An unmarried gentlewoman who prefers her estates in the country to the corruption at court, Lamira provides hospitality for Lady Orleans and Veramour and takes Montaigne into service when he becomes destitute. Lamira initially maintains that the unmarried life is the perfect state for women and rejects the suits of Mallicorne, La-poope and Laverdure but allows them to stay on her estate. She secretly admires Montaigne's restraint when insulted by Mallicorne, Lapoope and Laverdure. Lamira helps prevent the duel between Orleans and Amiens. After Orleans and Lady Orleans are reconciled, Lamira invites everyone to a feast where she will select a husband. At the feast, Lamira asks Montaigne who deserves her hand; Montaigne proposes Amiens, but Lamira chooses Montaigne because he has borne himself so humbly as her servant that she believes he will not abuse his power as her husband. Montaigne objects that he is betrothed to Charlotte, who releases him from his promise and says that she wooed him on behalf of Lamira. Lamira and Montaigne become engaged.


A captain who takes advantage of Montaigne's financial naivety in his straitened circumstances to bilk him out of money. He also is a rival for Lamira's hand. In the end, he is forced to apologize and make restitution.


A courtier who takes advantage of Montaigne's financial naivety in his straitened circumstances to bilk him out of money. He also is a rival for Lamira's hand. He believes that Veramour is a gentlewoman disguised as a page, and, after apologizing to Montaigne and offering to make restitution for his financial tricks, he asks for Veramour and is humiliated to discover that Veramour is in fact a boy.


These two unnamed lawyers represent Montaigne in his legal defense against Orleans but insinuate it is Montaigne's fault when he loses.


A loyal servant to Montaigne, Longavile pretends to be Duboys' enemy in order to take service with Amiens while continuing to serve Montaigne's interests. Longavile also effects the reconciliation between Orleans and Lady Orleans by pretending to shoot Orleans.


Mallicorne is a merchant who takes advantage of Montaigne's financial naivety and straitened circumstances. He first bilks Montaigne out of money and then attempts to have him arrested for unpaid debts. He also is a rival for Lamira's hand. In the end, he is forced to apologize and make restitution.


Once a rival against Orleans for the woman who became Lady Orleans, Montaigne is sued by Orleans for lands in Montaigne's possession. When Orleans's suit is successful, Montaigne is virtually ruined; he determines never to spend excessively again so that he will be able to live within his means. He regretfully sends away Longavile and Duboys, but he does not send away the page, Veramour, who is too young to be on his own. Montaigne is prepared to defend Lady Orleans's reputation against Amiens, but this proves unnecessary; afterwards Montaigne pretends to try to seduce Lady Orleans, but when she resists, he tells her that he was testing her. He gives her half of his remaining money and sends her and Veramour to Lamira. He "invests" his remaining money with Mallicorne, La-poope and Laverdure, and then is arrested for non-payment of debts in a plot engineered by Mallicorne. With Duboys's help, Montaigne defeats the arresting officers and flees, mistakenly believing he has killed an officer, to Lamira's house, where Lamira hires him as a servant and he serves with noteworthy humility. Lamira's woman, Charlotte, woos Montaigne, who eventually agrees to marry her. Montaigne is unable at the duel to prevent Longavile's firing the pistol. At Lamira's feast, Montaigne is Lamira's chosen husband; Charlotte releases him from their engagement because she was wooing Montaigne on Lamira's behalf.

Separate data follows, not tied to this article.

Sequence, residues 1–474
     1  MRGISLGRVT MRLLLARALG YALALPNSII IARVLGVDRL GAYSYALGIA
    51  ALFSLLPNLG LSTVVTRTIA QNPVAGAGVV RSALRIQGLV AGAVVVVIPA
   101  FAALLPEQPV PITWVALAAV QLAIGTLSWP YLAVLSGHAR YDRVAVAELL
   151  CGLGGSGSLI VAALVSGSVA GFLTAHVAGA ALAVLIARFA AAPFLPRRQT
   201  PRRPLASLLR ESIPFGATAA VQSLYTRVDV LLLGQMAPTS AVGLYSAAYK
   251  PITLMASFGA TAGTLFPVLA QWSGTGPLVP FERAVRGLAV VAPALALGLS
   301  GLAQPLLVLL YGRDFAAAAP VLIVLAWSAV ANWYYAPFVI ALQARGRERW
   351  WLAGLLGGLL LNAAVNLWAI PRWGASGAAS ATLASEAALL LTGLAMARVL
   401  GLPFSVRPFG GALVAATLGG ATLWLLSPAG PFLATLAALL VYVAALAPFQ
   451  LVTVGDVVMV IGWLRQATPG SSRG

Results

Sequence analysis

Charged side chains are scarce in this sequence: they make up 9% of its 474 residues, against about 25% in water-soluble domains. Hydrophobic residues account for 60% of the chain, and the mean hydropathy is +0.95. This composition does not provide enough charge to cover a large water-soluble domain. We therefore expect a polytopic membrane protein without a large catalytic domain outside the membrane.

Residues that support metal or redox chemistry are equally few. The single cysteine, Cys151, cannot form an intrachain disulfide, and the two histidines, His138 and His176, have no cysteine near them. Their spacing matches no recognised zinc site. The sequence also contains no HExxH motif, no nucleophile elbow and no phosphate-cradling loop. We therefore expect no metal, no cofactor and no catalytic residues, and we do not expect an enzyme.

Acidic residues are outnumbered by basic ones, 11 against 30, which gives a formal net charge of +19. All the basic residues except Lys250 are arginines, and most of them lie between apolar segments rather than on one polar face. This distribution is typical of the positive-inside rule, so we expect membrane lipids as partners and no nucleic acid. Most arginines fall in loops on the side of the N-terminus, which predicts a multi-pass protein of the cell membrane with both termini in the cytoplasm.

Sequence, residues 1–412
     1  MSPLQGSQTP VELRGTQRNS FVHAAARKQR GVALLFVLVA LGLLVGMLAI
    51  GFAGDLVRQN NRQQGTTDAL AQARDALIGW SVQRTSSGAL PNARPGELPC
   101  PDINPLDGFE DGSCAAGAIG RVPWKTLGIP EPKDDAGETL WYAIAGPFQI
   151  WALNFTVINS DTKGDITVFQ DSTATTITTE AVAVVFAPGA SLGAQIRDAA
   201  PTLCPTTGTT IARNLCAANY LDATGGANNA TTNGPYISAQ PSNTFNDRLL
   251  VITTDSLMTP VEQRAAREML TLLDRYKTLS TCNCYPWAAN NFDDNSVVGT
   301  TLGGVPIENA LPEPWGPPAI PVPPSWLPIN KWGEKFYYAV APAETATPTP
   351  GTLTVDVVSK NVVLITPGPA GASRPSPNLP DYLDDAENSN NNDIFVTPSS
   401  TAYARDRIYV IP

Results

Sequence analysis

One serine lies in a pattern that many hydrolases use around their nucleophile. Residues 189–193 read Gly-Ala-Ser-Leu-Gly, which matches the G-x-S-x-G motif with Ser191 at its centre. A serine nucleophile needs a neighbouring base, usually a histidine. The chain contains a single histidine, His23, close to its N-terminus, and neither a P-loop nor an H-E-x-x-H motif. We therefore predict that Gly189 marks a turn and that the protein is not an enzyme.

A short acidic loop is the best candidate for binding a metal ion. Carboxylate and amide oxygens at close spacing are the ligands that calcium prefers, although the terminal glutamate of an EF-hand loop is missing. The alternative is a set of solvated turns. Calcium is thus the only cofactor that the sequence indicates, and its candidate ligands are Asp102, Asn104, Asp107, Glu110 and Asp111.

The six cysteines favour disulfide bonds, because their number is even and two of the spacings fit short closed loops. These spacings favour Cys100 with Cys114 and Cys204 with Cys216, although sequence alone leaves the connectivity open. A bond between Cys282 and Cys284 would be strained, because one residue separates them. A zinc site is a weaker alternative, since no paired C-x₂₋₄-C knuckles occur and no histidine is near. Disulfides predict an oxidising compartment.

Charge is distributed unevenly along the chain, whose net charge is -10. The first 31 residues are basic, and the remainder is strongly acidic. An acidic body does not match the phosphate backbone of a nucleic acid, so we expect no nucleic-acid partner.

These three unnamed officers arrest Montaigne for non-payment of debts and fight when Duboys rescues Montaigne. The Third Officer is at first believed killed when Duboys rescues Montaigne; in fact, the officer has merely fallen from a kick.


Accompanies Amiens and Longavile to the duel; holds the pistols which Longavile seizes.


Helps to separate Longavile and Dubois in the tavern when they pretend to fight.


Carries messages within Lamira's house; refuses tips from Laverdure, La-poope, and Mallicorne.


These four unnamed servants prepare Lamira's banquet and debate whom Lamira will choose as husband.


Montaigne's page, Veramour displays great loyalty and devotion to his master, even in his straitened circumstances. Veramour accompanies Lady Orleans to Lamira's estate. Laverdure believes that Veramour is a gentlewoman disguised as a page despite Veramour's denials. In the end, Veramour dresses as a woman and says that Laverdure is right; when Montaigne expresses disbelief, however, Veramour proves that he is in fact a boy and states that he dressed as a woman because it was the only way to silence Laverdure.